In the remainder of this statement, I will introduce the reader to examples of mathematical poetry developed in particular in my own work, characterizing each piece according to its formal mathematical rules and structures.
Selected Examples
I: Algebraic Poetry
(Algebra, Linear Algebra, Abstract Algebra, Algebraic Geometry, Computational Algebra, etc.)
At the beginning, I must say that I will not work with vectors in the same way as the scientific field of machine learning or NLP (Natural Language Processing) works with them  where the text is a sequence of discrete symbols.For my needs, a vector is a quantity (in our case, a sentence) that has a magnitude and a direction, and which is usually represented by a directed arrow line, the length of which represents the direction in space, that is, an element of the vector space. And thus the vector semantics itself, which represents a sentence in a multidimensional vector space, may or may not represent a specific sentiment in relation to other sentences in the space.So my application of vectors is not exact, it is more artistic than mathematical.
Selected parts to analyze for use as a basis for algebraic poetry:
Vector poetry (Vectors as a method of creating poetry and vectorization of poetry through vector spaceVSP):
The essence of vector poetry is to capture states, space, and time alongside the poem's central message. We can say that Vector poetry is a mathematical poem that uses the properties and structure of vector space to create a concise but poetic form of expression. This type of poetry combines the mathematical and poetic worlds, which allows for a holistic understanding of both concepts. It can explore different vectors, such as time and space vectors. Vector poetry has many possibilities for the author, allowing them to create exciting verses that draw from the mathematical concepts surrounding them.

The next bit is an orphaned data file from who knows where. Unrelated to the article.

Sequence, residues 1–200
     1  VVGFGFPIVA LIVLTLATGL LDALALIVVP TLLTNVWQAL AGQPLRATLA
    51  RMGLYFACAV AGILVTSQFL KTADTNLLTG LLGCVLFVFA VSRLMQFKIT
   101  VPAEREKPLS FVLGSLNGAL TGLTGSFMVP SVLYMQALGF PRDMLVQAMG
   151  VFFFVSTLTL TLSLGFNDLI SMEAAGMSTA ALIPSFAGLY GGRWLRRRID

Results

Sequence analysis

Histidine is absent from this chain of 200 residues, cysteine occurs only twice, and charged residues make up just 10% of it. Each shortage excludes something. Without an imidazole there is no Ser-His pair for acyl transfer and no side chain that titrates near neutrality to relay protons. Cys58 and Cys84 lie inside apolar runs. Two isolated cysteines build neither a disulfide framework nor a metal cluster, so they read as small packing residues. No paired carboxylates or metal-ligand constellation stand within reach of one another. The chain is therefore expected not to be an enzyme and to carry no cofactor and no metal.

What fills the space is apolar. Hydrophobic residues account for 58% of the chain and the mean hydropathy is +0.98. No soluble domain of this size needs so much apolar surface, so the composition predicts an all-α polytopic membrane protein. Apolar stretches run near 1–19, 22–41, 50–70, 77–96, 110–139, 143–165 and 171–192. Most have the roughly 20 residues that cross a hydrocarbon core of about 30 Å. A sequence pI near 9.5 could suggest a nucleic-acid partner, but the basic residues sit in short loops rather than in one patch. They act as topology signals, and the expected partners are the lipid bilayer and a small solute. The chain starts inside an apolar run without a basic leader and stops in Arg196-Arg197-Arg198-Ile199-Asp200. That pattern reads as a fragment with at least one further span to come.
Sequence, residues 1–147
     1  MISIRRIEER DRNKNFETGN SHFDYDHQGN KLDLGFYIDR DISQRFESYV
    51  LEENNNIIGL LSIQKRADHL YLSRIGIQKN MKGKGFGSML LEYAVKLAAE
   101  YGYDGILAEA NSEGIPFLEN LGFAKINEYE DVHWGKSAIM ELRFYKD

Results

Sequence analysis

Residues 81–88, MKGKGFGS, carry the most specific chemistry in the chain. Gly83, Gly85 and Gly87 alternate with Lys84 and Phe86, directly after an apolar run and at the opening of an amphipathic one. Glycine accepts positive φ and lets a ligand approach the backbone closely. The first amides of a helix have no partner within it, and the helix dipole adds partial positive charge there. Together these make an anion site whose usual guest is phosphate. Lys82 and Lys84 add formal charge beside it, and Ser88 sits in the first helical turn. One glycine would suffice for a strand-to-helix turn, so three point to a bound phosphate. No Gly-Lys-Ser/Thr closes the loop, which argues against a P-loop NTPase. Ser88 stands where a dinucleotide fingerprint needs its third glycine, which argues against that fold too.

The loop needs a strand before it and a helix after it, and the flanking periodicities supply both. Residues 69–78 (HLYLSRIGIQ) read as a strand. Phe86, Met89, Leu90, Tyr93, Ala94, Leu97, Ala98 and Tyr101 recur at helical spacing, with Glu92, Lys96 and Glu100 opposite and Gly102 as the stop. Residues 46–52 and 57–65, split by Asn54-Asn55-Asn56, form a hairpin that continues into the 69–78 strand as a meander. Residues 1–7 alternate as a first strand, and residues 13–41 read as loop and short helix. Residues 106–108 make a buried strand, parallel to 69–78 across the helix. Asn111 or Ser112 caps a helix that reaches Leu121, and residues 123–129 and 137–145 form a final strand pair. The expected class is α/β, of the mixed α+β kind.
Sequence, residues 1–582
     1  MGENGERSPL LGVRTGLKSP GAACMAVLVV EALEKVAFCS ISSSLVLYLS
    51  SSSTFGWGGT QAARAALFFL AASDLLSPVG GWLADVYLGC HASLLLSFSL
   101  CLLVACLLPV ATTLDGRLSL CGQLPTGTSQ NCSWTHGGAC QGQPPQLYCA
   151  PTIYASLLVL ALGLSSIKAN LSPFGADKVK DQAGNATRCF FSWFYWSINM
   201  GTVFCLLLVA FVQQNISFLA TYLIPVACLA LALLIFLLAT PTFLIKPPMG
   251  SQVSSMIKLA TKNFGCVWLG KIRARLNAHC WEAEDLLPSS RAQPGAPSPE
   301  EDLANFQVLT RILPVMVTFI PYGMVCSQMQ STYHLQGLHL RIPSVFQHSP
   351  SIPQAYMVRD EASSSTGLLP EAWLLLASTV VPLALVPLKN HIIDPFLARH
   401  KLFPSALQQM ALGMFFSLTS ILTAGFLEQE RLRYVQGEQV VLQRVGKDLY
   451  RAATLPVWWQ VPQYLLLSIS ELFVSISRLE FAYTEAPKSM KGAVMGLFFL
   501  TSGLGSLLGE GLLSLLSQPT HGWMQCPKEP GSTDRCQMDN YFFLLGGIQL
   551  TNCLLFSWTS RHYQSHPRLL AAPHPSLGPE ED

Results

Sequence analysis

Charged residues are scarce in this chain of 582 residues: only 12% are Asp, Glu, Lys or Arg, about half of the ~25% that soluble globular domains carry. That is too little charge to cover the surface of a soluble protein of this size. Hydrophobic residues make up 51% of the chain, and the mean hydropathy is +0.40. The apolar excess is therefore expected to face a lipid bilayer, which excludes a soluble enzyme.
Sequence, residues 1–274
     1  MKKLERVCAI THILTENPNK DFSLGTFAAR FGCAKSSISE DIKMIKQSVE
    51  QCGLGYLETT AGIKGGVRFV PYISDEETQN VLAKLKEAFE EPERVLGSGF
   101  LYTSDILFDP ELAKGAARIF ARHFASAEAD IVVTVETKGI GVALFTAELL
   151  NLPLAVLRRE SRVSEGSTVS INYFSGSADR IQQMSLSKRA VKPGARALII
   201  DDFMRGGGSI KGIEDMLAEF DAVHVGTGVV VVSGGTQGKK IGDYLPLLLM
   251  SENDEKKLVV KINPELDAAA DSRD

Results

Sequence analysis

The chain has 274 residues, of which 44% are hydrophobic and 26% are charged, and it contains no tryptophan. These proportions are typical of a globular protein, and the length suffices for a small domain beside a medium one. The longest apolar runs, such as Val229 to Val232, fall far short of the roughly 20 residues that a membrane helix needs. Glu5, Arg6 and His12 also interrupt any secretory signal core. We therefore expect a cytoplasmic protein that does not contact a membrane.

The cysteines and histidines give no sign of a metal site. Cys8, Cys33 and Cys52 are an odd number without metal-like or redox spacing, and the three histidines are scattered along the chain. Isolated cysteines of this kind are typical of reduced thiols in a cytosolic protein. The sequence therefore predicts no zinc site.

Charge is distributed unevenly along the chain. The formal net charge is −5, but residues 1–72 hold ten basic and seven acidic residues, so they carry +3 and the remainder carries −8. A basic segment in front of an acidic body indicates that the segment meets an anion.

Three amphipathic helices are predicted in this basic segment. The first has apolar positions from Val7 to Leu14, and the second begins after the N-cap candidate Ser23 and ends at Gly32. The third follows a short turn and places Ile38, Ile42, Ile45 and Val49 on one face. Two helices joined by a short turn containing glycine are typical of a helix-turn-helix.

We can achieve an emotional effect in the following ways:
1. Moving a word or phrase along a grid of vector space to create a visual effect and especially an emotional effect
2. Using mathematical equations to create shapes and movementsIn vector poetry, words are arranged in a specific way to represent the poem's meaning visually. Each word or sentence is represented by a line that points in a particular direction and has a certain length. The length of each line represents the importance of that word concerning other words in the poem. The focus in each line means how strongly that word relates to other words in the poem. For example, if we wanted to express “love” as a vector, you could draw an arrow pointing up because love is positive and good; however, if you wanted to represent 'hate' with negative connotations, you would draw a downward arrow instead. Vector poetry is possible because of the way vectors are used in mathematics. Vectors represent the direction and magnitude of a force and can be used to describe both physical forces and abstract concepts.